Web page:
Well, virtual farming is still going strong, as yet another social developer enters the foray. To be more accurate, this is its third entrance, as the company in question is once again Meteor Games. In the past, its designs have taken players to farming under the sea and to farming on deserted Robinson Crusoe islands. Those games have racked up respectable numbers of users.
Now Meteor is getting back to basics with its newest virtual farming Facebook application, Ranch Town.
Okay, so it’s a “ranch,” not a “farm,” but it’s close enough. The core of the game is still the same. Players plow land from an isometric point of view, plant crops, watch them grow, and profit (though it is worth mentioning, that this game doesn’t require upkeep as plants, animals, and trees never die). Sounds repetitive, no? Well, that’s where Ranch Town begins to differentiate itself — by including other important agricultural elements.
You see, your virtual ranching-self is a bit a jack of all trades. In addition to crops, you have not only the typical trees, but production animals and heavy machinery as well. The former, as in games like FarmVille, consists of cows and chickens. These guys produce milk and eggs that can be sold for profit, and at a surprisingly quick rate at that (only a minute of two). However, in order for them to produce anything, they have to be fed.
This is where the game starts to implement a light bit of strategy. In other farming games, it is typical for “serious” players to look up spreadsheets on what crops are the most profitable to make, and litter their fields with the monoculture crop, leaving most of the other crops untouched, and other requirements crammed into a corner somewhere. Frankly, it’s a bit of a dominant strategy (dubbed so, since many people use it by default), and takes away – to some degree – part of the game’s purpose. Nonetheless, Meteor Games mitigates such play by forcing the player to feed their ranch animals with specific types of crops.
You need to grow alfalfa to feed the cow, for example. These are the first sets of crops the player can grow, and can maturity in about four hours. Automatically, players now have to plant at least two types of plants (possibly three, but we have yet to unlock the chicken for purchase), and figure out what is the most profitable balance of feed plants versus sale plants.
One of the other new elements is heavy machinery. Obviously, most real farmers and ranchers sometimes do more than just have crops, trees, and a few cows. Many have some nifty equipment to make other food products such as juice, peanut butter, sugar, and so on. Initially, players can only buy three machines: A smelter, a soil processor, and a smoke house. Periodically around the player’s virtual space, they will find fresh river soil, salmon, and copper ore that they can harvest. Now, they can directly sell these for about five gold, or they can put them into the machines (just by a click, same as feeding the cow).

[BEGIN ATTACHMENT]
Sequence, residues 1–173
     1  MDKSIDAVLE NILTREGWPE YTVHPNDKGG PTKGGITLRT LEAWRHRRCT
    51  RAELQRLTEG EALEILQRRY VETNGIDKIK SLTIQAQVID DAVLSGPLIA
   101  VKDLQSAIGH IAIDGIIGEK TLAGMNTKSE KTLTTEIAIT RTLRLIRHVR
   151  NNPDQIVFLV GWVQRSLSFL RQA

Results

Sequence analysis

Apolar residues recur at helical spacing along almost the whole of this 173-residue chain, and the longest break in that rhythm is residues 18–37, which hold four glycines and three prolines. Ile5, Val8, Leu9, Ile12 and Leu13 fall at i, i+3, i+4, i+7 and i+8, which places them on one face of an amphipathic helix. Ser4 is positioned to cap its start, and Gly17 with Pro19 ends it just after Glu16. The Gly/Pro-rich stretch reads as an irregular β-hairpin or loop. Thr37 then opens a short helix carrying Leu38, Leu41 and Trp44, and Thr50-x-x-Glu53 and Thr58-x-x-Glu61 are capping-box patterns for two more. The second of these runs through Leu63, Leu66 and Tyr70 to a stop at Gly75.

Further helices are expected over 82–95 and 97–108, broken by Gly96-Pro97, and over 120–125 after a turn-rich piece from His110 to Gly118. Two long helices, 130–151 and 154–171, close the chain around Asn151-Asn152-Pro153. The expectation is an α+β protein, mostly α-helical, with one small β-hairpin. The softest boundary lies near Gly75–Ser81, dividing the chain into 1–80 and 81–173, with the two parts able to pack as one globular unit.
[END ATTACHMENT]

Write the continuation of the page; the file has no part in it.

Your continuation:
Over a period of time, the machine will produce copper bars, gold flakes, and smoked salmon respectively. These will obviously sell for more than their raw counter parts, so it becomes prudent to own the machines. Nevertheless, this is where the game steps up a little more.
Like the cow and chicken force the player to plant at least two types of crops, having the bigger machines (such as the peanut butter maker) will require other plants and machines as well. You need to plant peanuts if you want to make peanut butter, for example. If you want to make juice, then you’d better have grapes or other juicable crops. If you want to make bread, you better grow some wheat.
This more complex farming and ranching system is fairly rare for a social game. It’s reminiscent of a technology tree one might find in a traditional real-time strategy game. Granted, in such an example you absolutely have to have something before you can select the higher tech, but in the case of Ranch Town, building a big machine without the needed predecessors would prove pointless anyway. Unfortunately, this “tech tree” is still basic, so it is only a matter of time until someone figures out just exactly needs to be built to make the best profit. The spreadsheets that users have for this game will just need to factor in more variables than has been necessary for many other farming games.
As the game appears to be centered around the production of goods, the complaint regarding a lack of decorative elements seems a bit moot. There are creative decorations on the way, but likely, most players are going to line their entire space with crops, trees, and machines. That said, the space is a bit cramped and there is no way to expand it. Moreover, between these elements, there is really no progression for the player; nothing to really earn. Users plant crops and use machines to earn money and level up, where they then get bigger machines to earn more money and more levels. It becomes an endless cycle that doesn’t feel like it has any tangible plateaus or goals for the player to try and reach. They just become more efficient at what they were doing before. Perhaps there’s a larger lesson here?
Overall, Ranch Town is a pretty solid game for the virtual farming ilk, and with a strong core, it has a lot of potential for growth. Some generally important elements are currently minimized, like decorating
The complexity in the game is a design choice that Zynga and many other developers have been cautious to pursue. The risk is that many users won’t enjoy the additional challenge of building multi-faceted farming and ranching operations. Still, the more hardcore FarmVille players out there may be especially interested in this game. Meteor Games may sacrifice breadth of appeal here, but they may also be able to pull in a large number of serious players, many of whom are interested in paying for virtual goods.